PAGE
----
And there was like not really a lot of clear guidance for this. And like the company hadn't invested a lot in making sure that this was a good process. And so I think earlier on it was kind of like, hey, you're fulfilling the requirements, but this really doesn't work. We need to like, aren't you testing your own features? We need to go back and like make sure it works these ways. But just talking to them more and being like kind of asking like, you know, why does this carousel go up and down while I'm scrolling left and right? Is that just like not pre -built? And there was just a lot of examples where...

I think going down and kind of asking the engineers what their actual problems with trying to implement it like iOS. Because once you started asking those questions, they kind of knew. They had like a pretty good sense of, you you don't get any of this stuff for free. There's all this calculation and things that are built into those native platforms that you don't get. So I think if I had had those discussions earlier, it would have been a lot easier to make this decision sooner too.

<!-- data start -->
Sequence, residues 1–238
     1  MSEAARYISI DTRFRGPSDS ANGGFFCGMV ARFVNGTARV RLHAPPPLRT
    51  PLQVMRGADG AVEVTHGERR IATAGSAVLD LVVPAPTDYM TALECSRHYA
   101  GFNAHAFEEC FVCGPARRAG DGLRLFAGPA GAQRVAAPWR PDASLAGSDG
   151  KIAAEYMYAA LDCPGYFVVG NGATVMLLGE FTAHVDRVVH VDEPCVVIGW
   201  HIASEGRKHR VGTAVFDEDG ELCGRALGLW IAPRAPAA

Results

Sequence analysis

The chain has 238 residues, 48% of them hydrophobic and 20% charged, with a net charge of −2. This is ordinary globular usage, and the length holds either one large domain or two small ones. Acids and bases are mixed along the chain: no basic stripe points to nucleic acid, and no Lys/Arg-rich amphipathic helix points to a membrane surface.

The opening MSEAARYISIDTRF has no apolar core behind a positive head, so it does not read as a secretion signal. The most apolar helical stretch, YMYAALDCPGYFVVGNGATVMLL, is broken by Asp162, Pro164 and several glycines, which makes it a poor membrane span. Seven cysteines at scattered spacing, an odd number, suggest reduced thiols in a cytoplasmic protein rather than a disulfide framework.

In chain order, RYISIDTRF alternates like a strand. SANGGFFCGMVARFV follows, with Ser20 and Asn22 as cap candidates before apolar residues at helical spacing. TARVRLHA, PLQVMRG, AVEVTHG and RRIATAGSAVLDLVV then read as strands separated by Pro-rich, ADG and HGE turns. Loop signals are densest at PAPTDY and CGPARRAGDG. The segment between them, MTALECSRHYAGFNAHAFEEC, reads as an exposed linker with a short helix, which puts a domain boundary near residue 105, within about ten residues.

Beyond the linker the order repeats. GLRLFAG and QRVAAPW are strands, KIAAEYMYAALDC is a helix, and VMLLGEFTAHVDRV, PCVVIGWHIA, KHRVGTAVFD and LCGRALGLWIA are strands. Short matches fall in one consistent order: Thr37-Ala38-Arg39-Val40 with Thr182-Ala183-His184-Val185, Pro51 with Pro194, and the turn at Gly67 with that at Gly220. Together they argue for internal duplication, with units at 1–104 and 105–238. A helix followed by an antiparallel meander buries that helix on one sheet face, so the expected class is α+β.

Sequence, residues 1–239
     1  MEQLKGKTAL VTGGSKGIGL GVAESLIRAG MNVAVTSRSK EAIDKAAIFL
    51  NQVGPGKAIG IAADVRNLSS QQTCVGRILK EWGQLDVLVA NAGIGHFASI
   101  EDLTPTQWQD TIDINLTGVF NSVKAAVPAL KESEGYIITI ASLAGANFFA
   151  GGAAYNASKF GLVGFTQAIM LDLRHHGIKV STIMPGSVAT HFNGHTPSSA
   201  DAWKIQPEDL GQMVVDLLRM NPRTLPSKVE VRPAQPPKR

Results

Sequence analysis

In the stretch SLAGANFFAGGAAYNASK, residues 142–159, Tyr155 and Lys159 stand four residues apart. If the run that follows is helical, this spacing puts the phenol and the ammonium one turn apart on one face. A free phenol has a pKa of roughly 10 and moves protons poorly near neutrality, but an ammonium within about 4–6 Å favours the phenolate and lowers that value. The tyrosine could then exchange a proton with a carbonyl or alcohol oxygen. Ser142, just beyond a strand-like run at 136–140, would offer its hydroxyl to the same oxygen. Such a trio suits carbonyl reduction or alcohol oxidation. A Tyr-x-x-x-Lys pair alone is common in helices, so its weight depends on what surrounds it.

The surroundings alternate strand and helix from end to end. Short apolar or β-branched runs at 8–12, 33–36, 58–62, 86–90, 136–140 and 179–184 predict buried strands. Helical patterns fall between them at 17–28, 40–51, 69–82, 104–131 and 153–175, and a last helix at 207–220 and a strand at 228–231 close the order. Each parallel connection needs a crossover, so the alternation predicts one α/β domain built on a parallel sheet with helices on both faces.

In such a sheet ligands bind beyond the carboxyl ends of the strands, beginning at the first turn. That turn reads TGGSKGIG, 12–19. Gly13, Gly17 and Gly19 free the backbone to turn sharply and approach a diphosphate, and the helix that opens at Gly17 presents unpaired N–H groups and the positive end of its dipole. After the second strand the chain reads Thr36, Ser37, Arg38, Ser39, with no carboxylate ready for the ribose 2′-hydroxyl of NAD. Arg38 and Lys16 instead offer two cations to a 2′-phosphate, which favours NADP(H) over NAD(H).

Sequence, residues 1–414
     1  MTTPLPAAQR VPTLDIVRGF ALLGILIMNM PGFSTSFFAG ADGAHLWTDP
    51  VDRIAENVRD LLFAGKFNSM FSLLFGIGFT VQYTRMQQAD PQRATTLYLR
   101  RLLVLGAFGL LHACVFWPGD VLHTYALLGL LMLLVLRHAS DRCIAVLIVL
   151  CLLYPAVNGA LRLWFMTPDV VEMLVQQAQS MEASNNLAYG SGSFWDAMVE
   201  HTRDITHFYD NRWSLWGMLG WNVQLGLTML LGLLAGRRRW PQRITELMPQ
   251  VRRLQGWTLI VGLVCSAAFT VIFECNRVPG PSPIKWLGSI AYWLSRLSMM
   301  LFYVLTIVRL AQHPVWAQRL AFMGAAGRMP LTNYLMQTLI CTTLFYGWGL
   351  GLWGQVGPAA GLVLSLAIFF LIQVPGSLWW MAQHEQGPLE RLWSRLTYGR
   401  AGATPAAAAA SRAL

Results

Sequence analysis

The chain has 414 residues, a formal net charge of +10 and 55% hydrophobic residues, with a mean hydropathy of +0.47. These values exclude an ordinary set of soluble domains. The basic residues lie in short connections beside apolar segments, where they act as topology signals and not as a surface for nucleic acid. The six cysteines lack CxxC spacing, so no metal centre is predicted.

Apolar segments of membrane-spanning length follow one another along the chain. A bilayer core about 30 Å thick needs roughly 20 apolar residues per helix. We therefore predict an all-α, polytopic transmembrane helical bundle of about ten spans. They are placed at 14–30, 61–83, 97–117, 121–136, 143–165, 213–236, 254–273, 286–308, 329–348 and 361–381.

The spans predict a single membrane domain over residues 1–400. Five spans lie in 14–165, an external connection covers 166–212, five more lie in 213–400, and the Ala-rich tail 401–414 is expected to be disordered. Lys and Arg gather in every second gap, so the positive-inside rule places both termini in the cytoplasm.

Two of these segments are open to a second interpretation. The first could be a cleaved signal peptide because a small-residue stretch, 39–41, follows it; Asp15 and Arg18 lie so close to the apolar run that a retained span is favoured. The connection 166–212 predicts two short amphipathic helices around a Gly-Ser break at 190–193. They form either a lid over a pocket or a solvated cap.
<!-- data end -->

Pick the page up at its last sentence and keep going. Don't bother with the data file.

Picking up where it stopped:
Jack (08:58)

Totally. And I think you mentioned something earlier, which I think is super interesting, which is about building other stuff on top of that, right? Like this, it sounded like it was going to be a pretty core component of the experience. And, you know, maybe you can ship one project that works like that, especially if it's buried in a corner of the app where maybe, you know, N26, we did that. I remember we had to get something out for like a, a screen or a flow where you would add your tax ID number. And it was like, someone's going to do this once.